Appeal from decree of Court of Common Pleas of Philadelphia County, March T., 1953, No. 3292, in case of Abbotts Dairies, Inc. et al. v. City of Philadelphia et al.
Roland Morris, with him Duane, Morris & Heckscher, for appellants.
Levy Anderson, First Deputy City Solicitor, with him Thomas A. Matthews, Assistant City Solicitor, and Edward G. Bauer, Jr., City Solicitor, for City of Philadelphia et al., appellees.
Bell, C. J., Jones, Cohen, Eagen, O'Brien, Roberts and Pomeroy, JJ. Opinion by Mr. Justice Roberts. Dissenting Opinion by Mr. Justice Cohen. Mr. Justice Eagen and Mr. Justice O'Brien join in this dissent.
Effective January 1, 1953, the City of Philadelphia enacted a Mercantile License Tax upon persons and
companies engaged in certain business activities within the city. This tax was authorized by the Sterling Act, Act of August 5, 1932, P. L. 45, § 1, as amended, 53 P.S. § 15971. The appellants, however, believed that the imposition of the tax as to them was a violation of the exemption for state licensed companies contained in the Sterling Act. Therefore, in early 1953 they successfully sought a perpetual injunction prohibiting the city from taxing them under the Mercantile License Tax. This injunction continued in full force and effect until 1968, when it was modified at the request of the city.
This modification was apparently precipitated by this Court's decisions in Y.M.C.A. v. Reading, 402 Pa. 592, 167 A.2d 469 (1961), Pinebrook Foundation, Inc. v. Shiffer, 416 Pa. 379, 206 A.2d 314 (1965), and Bell Telephone Co. v. Philadelphia, 421 Pa. 14, 218 A.2d 727 (1966). These decisions answered the question whether "an erroneous interpretation of a taxing statute by a tax official supports his being prohibited from again enforcing that taxing statute against the decree winner." We concluded that "such action may not be proscribed." Bell Telephone Co. v. Philadelphia, supra at 16.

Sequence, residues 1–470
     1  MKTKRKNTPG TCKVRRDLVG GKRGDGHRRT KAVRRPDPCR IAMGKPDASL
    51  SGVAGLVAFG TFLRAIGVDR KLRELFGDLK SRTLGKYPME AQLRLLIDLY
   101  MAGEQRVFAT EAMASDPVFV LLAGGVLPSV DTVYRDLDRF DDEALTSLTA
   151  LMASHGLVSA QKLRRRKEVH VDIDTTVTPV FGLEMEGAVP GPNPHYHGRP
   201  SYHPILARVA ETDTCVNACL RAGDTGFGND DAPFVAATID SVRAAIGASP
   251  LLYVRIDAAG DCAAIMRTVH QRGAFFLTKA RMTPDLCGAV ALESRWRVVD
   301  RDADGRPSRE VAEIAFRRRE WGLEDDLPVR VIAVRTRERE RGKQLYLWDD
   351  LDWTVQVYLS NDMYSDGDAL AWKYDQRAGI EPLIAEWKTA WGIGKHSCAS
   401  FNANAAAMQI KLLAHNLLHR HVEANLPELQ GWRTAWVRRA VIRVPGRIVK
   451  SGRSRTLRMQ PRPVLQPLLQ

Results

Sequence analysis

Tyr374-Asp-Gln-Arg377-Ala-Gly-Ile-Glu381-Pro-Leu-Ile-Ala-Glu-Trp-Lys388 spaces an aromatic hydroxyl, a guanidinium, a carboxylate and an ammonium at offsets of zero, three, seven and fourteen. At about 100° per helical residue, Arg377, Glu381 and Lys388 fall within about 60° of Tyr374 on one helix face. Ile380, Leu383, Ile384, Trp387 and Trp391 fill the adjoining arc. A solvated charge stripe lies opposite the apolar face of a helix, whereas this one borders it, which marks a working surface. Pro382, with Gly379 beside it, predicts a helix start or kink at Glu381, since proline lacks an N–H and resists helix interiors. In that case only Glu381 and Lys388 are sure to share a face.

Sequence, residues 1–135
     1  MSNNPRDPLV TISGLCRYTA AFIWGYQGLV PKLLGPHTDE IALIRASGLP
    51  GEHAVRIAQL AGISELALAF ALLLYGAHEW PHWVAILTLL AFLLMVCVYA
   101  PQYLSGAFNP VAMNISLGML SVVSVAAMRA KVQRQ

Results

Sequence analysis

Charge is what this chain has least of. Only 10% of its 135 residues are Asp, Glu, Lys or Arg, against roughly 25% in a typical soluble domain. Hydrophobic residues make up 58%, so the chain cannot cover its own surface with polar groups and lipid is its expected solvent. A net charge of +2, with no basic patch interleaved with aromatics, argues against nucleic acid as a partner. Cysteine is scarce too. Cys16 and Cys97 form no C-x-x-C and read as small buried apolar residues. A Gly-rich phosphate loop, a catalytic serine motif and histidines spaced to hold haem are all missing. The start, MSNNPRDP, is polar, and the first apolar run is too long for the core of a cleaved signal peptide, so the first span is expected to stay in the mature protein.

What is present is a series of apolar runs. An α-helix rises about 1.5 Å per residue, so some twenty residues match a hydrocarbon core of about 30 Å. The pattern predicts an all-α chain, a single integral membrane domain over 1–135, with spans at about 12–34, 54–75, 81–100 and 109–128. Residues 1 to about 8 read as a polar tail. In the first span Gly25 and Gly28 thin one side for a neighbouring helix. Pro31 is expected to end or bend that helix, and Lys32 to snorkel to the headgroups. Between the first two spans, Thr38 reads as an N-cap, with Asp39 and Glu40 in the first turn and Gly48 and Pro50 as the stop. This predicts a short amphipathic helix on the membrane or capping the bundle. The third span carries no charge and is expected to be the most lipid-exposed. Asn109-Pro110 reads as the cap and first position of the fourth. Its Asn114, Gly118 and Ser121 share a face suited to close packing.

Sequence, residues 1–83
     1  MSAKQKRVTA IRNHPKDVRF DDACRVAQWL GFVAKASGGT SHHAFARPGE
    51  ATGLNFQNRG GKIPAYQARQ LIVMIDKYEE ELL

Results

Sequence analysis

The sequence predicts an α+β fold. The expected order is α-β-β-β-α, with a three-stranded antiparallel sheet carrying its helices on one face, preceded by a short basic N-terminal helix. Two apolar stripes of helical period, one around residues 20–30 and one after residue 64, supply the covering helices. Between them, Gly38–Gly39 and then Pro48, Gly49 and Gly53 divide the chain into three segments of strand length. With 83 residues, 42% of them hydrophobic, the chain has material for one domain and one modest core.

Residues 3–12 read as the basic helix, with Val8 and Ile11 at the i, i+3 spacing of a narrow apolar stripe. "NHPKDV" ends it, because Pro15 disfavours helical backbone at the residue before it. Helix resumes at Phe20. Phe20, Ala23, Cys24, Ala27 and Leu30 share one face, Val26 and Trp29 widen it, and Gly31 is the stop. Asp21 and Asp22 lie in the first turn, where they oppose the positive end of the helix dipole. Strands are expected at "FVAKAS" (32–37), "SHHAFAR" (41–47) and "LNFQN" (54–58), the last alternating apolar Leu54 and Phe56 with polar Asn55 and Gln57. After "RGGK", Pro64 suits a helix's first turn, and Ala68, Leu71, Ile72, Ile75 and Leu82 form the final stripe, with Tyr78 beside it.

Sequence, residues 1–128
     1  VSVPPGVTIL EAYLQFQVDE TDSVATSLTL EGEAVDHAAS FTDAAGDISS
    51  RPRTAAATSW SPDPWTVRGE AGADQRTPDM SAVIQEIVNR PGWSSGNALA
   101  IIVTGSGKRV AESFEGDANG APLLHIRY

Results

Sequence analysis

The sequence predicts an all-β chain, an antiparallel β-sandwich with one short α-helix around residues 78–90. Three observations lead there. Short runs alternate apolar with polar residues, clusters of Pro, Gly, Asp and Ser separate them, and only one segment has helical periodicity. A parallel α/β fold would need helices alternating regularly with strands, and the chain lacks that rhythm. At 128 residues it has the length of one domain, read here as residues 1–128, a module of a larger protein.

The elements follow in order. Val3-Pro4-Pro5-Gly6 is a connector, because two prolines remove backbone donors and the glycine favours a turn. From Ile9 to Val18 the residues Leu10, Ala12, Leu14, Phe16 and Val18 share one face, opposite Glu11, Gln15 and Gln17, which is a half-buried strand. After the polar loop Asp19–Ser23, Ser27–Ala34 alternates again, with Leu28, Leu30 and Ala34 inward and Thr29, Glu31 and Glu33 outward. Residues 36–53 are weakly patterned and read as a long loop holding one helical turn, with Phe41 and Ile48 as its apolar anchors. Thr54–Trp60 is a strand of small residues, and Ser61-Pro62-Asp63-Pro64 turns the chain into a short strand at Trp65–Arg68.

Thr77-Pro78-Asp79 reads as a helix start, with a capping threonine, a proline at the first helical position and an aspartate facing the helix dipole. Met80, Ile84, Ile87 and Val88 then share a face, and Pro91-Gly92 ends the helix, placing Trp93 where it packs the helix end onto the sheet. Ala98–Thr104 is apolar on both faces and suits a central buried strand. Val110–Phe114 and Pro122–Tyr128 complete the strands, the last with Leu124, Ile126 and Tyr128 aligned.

It is conceded by all parties to this litigation that the injunction the appellants obtained in 1953 falls within the prohibited class of injunctions established in the Y.M.C.A.-Pinebrook Foundation, Inc.-Bell Telephone Co. line of cases. Therefore, the decision by the court below to modify the 1953 injunction is essentially correct. The only issue presented for our consideration is whether the injunction should have been modified as it was -- to only enjoin the collection of the Mercantile License Tax through the end of 1953 -- or whether the injunction should have been modified so as not to affect those tax years prior to the city's challenge of the
decree and its initiation of the modification proceedings in 1967.
The city argues that the modification of the decree should be completely retroactive. To support this proposition it cites both the Bell Telephone and Pinebrook Foundation cases. In both of these, the modification of the decree resulted in completely retroactive application of the rule against enjoining the collection of taxes. In opposition, appellants cite this Court's disposition in the original decree modification case, Y.M.C.A. v. Reading, and certain equitable principles which should be given effect in a situation such as this one. Specifically, appellant quotes from Y.M.C.A. : "Because of the parties' reliance upon past practice and ...